It has been difficult to take the Duque administration’s antinarcotics efforts seriously when his own Vice President Marta Lucia Ramirez, the same one who made demands against the UN report on Colombia’s precarious humanitarian situation, also tried to press criminal charges against investigative journalists at Insight Crime who revealed and verified her own family’s ties to narcotraffickers. Her husband had business dealings with now convicted paramilitary narcotrafficker “Guillermo León Acevedo Giraldo, AKA “Memo Fantasma,” and it was revealed that the vice president paid $150,000 to bail out her own brother who was caught and convicted for heroin trafficking.
The attorney general’s office has now revealed that criminal mafias such as the notorious Clan del Golfo have likely infiltrated the Colombian military and law enforcement at the highest levels, including army generals. Had this been revealed at the beginning of Duque’s term, he could claim to be the guy to clean things up, but he is in the final months of his presidency. Even the Catholic church has spoken out against what it sees as actual collaboration between the military and mafias.
“We found in various municipalities that in many places where there is a strong presence of the Army and the public force there is a concomitant presence of the Clan del Golfo,” said Monsignor Juan Carlos Barreto, Archbishop of Quibdó, Chocó “We confirm the seriousness of the humanitarian crisis due to the armed conflict and the abandonment of the state.”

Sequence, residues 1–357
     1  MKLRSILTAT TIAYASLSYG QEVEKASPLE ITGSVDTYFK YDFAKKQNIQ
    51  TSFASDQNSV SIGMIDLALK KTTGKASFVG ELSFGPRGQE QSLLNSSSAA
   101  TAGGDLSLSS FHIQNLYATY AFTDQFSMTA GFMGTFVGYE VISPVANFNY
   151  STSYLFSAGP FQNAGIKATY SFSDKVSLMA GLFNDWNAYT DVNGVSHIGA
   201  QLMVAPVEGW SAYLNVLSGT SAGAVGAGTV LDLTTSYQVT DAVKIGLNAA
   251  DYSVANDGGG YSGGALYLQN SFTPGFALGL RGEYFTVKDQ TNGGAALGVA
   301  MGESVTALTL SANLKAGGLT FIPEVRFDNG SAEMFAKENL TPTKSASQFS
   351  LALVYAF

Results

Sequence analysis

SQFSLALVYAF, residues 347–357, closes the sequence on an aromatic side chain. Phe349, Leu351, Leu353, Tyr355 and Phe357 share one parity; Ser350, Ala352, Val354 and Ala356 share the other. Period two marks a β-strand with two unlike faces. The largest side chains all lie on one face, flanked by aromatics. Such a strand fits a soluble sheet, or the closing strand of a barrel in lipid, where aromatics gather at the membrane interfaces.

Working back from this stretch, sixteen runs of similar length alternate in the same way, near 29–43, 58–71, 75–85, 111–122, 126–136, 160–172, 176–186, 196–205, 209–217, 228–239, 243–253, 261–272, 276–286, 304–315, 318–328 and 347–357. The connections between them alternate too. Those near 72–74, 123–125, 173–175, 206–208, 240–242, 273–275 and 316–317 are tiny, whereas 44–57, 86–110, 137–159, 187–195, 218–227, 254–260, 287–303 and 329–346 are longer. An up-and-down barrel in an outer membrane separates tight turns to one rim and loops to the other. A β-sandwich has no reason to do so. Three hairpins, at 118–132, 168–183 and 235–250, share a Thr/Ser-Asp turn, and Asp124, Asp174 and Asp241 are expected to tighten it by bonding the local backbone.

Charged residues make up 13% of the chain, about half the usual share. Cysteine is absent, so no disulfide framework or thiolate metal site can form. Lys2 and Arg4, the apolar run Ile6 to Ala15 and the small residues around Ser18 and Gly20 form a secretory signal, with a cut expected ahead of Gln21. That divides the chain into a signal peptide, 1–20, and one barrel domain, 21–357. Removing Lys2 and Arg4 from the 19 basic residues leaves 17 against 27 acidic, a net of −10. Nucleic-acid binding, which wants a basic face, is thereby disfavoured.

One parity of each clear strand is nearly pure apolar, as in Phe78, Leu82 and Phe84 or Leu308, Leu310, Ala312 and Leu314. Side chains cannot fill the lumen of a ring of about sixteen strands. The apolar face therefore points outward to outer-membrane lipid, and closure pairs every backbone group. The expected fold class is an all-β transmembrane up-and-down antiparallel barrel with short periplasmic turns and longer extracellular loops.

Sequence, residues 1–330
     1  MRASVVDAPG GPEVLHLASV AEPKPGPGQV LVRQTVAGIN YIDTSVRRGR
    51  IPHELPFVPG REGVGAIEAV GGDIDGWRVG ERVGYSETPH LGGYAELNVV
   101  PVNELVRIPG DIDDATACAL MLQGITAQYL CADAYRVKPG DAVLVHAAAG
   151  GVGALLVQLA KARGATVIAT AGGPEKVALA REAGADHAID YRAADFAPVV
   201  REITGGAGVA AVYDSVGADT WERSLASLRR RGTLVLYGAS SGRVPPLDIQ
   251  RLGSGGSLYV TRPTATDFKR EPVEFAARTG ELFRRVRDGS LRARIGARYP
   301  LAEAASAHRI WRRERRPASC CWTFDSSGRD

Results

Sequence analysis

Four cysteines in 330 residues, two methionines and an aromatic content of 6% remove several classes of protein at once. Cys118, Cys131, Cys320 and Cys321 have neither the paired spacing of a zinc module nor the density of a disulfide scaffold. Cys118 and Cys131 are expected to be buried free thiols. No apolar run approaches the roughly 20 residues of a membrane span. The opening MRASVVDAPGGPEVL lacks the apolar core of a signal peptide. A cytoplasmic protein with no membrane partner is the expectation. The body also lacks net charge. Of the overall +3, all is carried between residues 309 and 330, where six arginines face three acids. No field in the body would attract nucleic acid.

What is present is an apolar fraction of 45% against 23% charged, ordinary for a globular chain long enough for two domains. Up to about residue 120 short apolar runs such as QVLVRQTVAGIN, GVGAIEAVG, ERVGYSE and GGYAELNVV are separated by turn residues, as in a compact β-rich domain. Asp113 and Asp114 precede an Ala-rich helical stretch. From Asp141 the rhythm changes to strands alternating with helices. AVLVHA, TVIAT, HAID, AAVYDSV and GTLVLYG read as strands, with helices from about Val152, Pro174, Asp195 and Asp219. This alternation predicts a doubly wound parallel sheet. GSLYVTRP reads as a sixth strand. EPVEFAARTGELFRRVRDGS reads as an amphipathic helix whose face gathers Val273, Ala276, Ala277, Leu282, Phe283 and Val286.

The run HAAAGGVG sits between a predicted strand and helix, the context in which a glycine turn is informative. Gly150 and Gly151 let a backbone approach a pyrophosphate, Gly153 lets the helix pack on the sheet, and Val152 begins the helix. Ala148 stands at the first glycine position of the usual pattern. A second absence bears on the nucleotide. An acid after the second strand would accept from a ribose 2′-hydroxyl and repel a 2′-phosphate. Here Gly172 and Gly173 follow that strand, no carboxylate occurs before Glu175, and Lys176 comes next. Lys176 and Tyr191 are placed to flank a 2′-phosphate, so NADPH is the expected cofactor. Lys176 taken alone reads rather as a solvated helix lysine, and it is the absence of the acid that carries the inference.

It’s not hard to argue that Duque has been no friend of the campesinos. Criminal displacements—being run off your land or home by armed gangs—has more than doubled in the past year alone. From the UN Office for the Coordination of Humanitarian Affairs report (translated):
“The number of victims due to mass displacement has increased by 101% between January and May 2021 compared to the same period in 2020. Likewise, the number of displacement events has increased by 31%, that is, they have been registered 15 more events in relation to the same period in 2020. So far, only 19% of the victims of displacement in 2021 have returned to their homes, while 81% or 23,837 people remain displaced, due to the impossibility of having a safe return due to the inadequate security conditions that remain in the territory, and in the midst of intersectoral needs that require attention.”
The report goes on to say:
It is worrying that the attacks against the civilian population and that trigger mass displacements are expanding and increasing by 54% to other departments such as La Guajira, Cesar, Arauca, Meta, Guaviare and Caquetá, among others. The increase in homicides and intentional injuries in civilians stands out by 161% and 70% respectively, showing an increase in attacks against civilians in a large part of the national territory.
The security situation under Duque is deteriorating such that criminals are emboldened enough to even attack the Presidential helicopter, as happened last year when the president was arriving in Cúcuta, a city on Colombia’s border with Venezuela. The presidential Sikorsky Black Hawk took six hits from small arms fire.
Colombians at home are unhappy with Duque
Last year, Colombians took to the streets after Duque’s finance minister, Alberto Carrasquilla sought to raise taxes by expanding Colombia’s income tax obligation to lower income Colombians and taxing basic staples, but in an interview demonstrated he had no idea how much a dozen eggs cost. The abusive response by Colombia’s ESMAD riot police further inflamed the situation.
Yesterday, Colombian polling firm Invamer released results of a poll taken the first two weeks of February that shows only 20% of Colombians approve of his governance, while 73% disapprove. Many Colombians and investors abroad fear a left-wing presidency by former guerilla militant Gustavo Petro, but Duque with his dismal ratings may inadvertently be Petro’s best ally. The same Invamer poll showed that for the first time since 2018, Petro’s favorable ratings at 42 points have exceeded his unfavorable opinion ratings, which are at 40 points. Other presidential candidates’ ratings:
- Juan Manuel Galán (centrist): 29% favorable, 22% unfavorable